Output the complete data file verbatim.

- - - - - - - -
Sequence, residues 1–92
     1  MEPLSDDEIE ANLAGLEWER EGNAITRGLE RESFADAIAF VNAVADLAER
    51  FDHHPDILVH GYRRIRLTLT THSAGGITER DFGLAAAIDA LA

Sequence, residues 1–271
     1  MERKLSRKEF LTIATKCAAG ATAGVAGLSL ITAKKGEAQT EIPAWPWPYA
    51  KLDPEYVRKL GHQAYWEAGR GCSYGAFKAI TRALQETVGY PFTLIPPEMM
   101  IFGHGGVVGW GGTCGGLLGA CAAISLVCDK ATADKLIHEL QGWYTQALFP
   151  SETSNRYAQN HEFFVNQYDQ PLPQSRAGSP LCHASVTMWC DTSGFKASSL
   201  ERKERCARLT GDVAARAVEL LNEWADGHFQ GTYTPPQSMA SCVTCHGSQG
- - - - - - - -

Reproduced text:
Sequence, residues 1–92
     1  MEPLSDDEIE ANLAGLEWER EGNAITRGLE RESFADAIAF VNAVADLAER
    51  FDHHPDILVH GYRRIRLTLT THSAGGITER DFGLAAAIDA LA

Sequence, residues 1–271
     1  MERKLSRKEF LTIATKCAAG ATAGVAGLSL ITAKKGEAQT EIPAWPWPYA
    51  KLDPEYVRKL GHQAYWEAGR GCSYGAFKAI TRALQETVGY PFTLIPPEMM
   101  IFGHGGVVGW GGTCGGLLGA CAAISLVCDK ATADKLIHEL QGWYTQALFP
   151  SETSNRYAQN HEFFVNQYDQ PLPQSRAGSP LCHASVTMWC DTSGFKASSL
   201  ERKERCARLT GDVAARAVEL LNEWADGHFQ GTYTPPQSMA SCVTCHGSQG